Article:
Sacred Paws is a project that owes much to the cultural ley line that ripples between London and Glasgow, a project that hinges on the efforts of Eilidh Rodgers (once of Golden Grrrls) and Rachel Aggs (also of Shopping and Trash Kit).
The pair’s skittering, skipping, gleefully bittersweet sound fuelled a fantastic 2015 EP, with material that joined the dots between the post-punk of The Raincoats and The Au Pairs, say, and West African highlife compilations.
Debut album ‘Strike A Match’ is the grandest document from Sacred Paws yet, their most confident, outward, lucid, engaging statement in a slim catalogue that already seems to revel in and exemplify such adjectives.
Opening cut ‘Nothing’ is a brass-bolstered gem, those dual voices intermingling as trumpet and saxophone buzz like summer flies on a sugar-laced melody. ‘Rest’ is all percussive flow and downcast vocals, while the handclaps on ‘Everyday’ have a child-like sense of innocent glee.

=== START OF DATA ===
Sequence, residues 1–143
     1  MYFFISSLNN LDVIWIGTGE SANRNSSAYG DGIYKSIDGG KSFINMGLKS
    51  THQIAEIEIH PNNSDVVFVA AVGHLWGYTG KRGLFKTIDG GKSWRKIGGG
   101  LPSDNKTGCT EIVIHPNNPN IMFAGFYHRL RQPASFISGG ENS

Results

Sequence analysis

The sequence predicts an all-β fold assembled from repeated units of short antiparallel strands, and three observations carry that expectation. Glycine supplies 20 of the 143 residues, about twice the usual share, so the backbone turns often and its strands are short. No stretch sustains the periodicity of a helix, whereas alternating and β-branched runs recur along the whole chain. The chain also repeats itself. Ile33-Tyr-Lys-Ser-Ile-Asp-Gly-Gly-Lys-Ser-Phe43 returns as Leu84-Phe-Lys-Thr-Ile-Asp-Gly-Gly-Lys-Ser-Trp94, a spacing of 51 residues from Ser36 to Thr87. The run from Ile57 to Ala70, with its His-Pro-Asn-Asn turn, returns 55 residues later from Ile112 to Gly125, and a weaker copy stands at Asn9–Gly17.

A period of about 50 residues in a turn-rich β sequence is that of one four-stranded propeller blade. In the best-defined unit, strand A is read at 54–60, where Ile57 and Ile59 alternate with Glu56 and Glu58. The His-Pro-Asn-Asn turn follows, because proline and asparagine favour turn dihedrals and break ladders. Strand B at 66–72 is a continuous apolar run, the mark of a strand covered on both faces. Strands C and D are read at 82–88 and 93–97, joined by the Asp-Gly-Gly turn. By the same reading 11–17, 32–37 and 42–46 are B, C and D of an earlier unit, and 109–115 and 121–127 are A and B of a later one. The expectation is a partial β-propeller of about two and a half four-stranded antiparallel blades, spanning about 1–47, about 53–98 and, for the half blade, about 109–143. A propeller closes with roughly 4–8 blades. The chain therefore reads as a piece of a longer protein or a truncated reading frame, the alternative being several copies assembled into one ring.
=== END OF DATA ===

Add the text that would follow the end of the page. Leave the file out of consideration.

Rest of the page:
It’s not just a head-long rush into the saccharine, though. ‘Strike A Match’ has moments of real tenderness and genuine melancholy, matching the innately uplifting sound of the duo’s harmonies to lyrics that focusses on self-doubt, regret, and the dissolution of relationships.
‘Stars’ has an oddly urgent minor-key feel, while the lyrics warn “it won’t last long”. Meanwhile ‘Empty Body’ shoots in leaps and bounds, caught up in an ever-flowing rhythm, before the vocal intrudes: “My empty body is full of worry...”
Remarkably concise – only one song clocks in at over four minutes - ‘Strike A Match’ finds Sacred Paws utilising brevity almost as an instrument in itself. The title cut is a series of short meditations on that addictive, crisp guitar riff, while ‘Ride’ is a blast of revenge dominated by those biting drum rolls, those lethal cymbal crashes.
Over in a flash, the mini-melodramas spun by Sacred Paws reach their apogee on final cut ‘Getting Old’. The spiky guitar lines interweave, the drums unfold with chaotic grace, while the vocals hit those exact notes of the bitter and the sweet. The lyrics, too, match the moment of realisation with the regret of a life misspent: “You spent so long doing what you’re told, playing a part...”
In the press note we’re told that Eilidh Rodgers and Rachel Aggs would spend weeks apart, only to re-unite in brief flashes when songwriting would occur. A collection of such flashes, ‘Strike A Match’ feels like it is racing against itself, a gentle, playful intensity that feels wholly inviting.
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